Poverty in our rural schools?


By dr. Jury Joubert

Being poor is only romantic in books.” – Sidney Sheldon

As in other developing countries in Africa, the majority of our rural residents in South Africa are still left behind – especially when measured against their urban counterparts.

Most school-age children in South Africa are still in rural schools where they only have a one in three chance of being able to complete their primary school education. Furthermore, poverty also has a great influence. There are numerous factors linked to poverty that put these marginalized children at risk of failing their academics.

However, the Minister of Basic Education, Angie Motshekga, does not seem to see it that way. Her department treats these children the same as all the other children in South Africa – it almost seems as if they see the schools as fast food shops and the children as hamburgers!

We must remember that it is a complicated “minefield” of contexts in the rural environment. Within the countryside, however, there are excellent schools. Just look at schools you can find in Paarl, Stellenbosch, Oudtshoorn, Bethlehem and so on?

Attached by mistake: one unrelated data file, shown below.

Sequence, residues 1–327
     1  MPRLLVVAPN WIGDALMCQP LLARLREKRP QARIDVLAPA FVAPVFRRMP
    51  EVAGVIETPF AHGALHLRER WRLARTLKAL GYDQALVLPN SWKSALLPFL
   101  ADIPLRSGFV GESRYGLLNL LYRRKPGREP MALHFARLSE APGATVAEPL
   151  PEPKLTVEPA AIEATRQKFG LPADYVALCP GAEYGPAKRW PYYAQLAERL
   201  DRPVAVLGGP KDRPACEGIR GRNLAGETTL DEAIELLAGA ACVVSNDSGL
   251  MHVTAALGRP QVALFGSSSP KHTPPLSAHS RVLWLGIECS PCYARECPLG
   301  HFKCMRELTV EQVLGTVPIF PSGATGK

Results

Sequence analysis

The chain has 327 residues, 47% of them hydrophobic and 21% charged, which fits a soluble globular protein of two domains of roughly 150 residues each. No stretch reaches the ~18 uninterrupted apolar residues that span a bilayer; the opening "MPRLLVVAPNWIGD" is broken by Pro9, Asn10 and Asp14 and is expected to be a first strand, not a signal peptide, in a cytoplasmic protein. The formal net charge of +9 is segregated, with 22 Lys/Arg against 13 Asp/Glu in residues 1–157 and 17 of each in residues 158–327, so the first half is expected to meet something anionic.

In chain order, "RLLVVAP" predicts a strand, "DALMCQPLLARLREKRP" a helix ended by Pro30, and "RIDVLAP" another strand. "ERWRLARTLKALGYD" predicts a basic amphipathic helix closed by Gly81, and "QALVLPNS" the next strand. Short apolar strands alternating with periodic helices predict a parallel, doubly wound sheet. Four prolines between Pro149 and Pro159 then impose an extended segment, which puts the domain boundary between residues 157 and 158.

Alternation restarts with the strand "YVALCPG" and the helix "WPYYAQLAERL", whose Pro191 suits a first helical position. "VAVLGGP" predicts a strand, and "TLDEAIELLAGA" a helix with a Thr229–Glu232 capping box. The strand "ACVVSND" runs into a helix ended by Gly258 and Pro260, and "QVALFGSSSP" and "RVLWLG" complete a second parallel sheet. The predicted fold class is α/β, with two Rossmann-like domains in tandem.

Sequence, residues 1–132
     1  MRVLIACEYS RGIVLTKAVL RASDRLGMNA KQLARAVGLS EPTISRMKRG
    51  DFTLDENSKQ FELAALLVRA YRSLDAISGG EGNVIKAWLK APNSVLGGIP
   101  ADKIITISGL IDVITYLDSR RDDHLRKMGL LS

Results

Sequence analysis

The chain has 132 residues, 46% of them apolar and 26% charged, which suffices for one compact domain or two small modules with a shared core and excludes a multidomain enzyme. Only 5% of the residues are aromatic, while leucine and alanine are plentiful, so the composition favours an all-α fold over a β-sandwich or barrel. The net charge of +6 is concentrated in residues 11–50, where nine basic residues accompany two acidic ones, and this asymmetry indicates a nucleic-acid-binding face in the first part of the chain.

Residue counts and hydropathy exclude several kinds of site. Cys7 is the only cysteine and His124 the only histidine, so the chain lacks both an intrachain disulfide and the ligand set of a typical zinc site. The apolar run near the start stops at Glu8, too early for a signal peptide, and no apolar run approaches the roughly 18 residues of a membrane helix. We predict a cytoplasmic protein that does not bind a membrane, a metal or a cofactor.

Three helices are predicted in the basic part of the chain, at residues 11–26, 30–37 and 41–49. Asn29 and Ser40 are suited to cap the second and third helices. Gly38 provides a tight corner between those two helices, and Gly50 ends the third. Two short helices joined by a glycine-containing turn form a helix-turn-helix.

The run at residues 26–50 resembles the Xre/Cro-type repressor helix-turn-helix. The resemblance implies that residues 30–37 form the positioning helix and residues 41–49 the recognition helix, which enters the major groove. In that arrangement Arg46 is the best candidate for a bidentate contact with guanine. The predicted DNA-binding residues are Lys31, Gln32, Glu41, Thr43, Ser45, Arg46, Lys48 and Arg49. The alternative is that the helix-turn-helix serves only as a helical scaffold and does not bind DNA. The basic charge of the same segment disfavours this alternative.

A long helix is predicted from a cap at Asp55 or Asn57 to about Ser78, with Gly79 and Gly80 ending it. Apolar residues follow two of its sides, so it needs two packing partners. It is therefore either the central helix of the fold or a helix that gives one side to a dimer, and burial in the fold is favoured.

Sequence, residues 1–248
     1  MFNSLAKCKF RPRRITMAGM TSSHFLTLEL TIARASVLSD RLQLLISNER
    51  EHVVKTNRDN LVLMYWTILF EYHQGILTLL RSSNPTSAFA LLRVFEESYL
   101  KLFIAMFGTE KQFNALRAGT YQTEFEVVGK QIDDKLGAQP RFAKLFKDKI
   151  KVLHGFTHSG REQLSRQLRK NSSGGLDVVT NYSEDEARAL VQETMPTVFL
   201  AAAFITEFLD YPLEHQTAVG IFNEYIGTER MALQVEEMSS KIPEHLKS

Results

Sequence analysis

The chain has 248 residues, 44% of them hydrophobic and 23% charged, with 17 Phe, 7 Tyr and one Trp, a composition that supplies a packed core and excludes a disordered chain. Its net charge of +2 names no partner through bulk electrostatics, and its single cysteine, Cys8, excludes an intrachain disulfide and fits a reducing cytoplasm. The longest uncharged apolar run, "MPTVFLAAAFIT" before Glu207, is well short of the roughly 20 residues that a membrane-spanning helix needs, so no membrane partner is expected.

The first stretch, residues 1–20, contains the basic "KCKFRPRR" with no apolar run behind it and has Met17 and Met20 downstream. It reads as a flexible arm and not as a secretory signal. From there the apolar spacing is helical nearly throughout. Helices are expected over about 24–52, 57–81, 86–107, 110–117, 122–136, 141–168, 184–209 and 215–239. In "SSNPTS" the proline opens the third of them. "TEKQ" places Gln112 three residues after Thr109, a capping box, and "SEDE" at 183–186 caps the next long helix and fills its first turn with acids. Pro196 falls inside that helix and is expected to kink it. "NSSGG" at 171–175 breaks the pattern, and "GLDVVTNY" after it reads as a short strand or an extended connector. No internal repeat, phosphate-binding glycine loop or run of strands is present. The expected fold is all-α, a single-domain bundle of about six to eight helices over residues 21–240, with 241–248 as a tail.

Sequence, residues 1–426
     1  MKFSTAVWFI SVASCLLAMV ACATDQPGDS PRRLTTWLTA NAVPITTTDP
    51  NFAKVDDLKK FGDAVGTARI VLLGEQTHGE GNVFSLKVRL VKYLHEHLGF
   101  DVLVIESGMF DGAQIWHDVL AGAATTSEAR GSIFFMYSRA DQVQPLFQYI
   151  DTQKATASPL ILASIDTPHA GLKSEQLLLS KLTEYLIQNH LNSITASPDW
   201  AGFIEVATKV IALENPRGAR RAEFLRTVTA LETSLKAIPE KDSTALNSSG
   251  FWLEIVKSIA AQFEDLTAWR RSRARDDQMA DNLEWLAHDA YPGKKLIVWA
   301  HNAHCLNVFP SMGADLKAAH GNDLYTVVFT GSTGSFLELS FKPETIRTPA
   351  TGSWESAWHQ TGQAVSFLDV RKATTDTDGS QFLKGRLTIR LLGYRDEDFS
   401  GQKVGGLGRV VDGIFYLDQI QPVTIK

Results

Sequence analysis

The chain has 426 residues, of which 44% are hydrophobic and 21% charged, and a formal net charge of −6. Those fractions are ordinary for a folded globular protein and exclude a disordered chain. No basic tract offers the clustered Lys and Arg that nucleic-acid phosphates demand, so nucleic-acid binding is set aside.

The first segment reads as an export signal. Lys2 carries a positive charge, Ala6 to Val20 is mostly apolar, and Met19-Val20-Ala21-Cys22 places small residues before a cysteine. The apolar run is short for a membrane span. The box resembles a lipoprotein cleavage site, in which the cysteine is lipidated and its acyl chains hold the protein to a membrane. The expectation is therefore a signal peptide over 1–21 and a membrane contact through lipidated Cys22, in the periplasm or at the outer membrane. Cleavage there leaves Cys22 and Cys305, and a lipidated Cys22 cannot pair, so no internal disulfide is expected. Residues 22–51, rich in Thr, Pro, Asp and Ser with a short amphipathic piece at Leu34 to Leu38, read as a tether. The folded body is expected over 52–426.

When most of the learners go to school, they are already far behind the other learners in many respects. Many of the rural children are more than two or three years behind their peers who go to school in the cities. Almost 25% of these children are at risk of being diagnosed with some kind of learning disability. The rural learners are also bored with school, as the instruction consists of a dose of “drill and application” and there are almost no cognitive challenges. Statistics show that the children leave school in large numbers and enter the world – uneducated and not at all ready for the workplace.

According to the model, children are seen as products speeding along on the sausage machine. It treats teachers as if they were unskilled laborers who simply had to carry out instructions and do as they were told to do – never straying from the prescribed instructions to address and solve patterns of failure with their experience and creativity. This kind of teaching is dangerous for these marginalized rural children. It creates tunnel vision, steals the excitement of learning and ensures that children drop out of school – of which there are thousands in South Africa.